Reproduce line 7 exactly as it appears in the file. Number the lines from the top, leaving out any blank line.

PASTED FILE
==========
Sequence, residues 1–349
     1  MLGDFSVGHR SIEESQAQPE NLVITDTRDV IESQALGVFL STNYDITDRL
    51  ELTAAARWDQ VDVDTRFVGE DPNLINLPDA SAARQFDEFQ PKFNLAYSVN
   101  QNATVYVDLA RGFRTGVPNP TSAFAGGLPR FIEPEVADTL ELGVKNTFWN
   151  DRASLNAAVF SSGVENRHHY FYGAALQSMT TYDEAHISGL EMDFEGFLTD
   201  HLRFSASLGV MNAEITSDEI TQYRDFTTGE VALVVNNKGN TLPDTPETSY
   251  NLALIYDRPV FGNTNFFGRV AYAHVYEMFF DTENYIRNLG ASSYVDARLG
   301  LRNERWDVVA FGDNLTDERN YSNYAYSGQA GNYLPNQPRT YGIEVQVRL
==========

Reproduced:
   251  NLALIYDRPV FGNTNFFGRV AYAHVYEMFF DTENYIRNLG ASSYVDARLG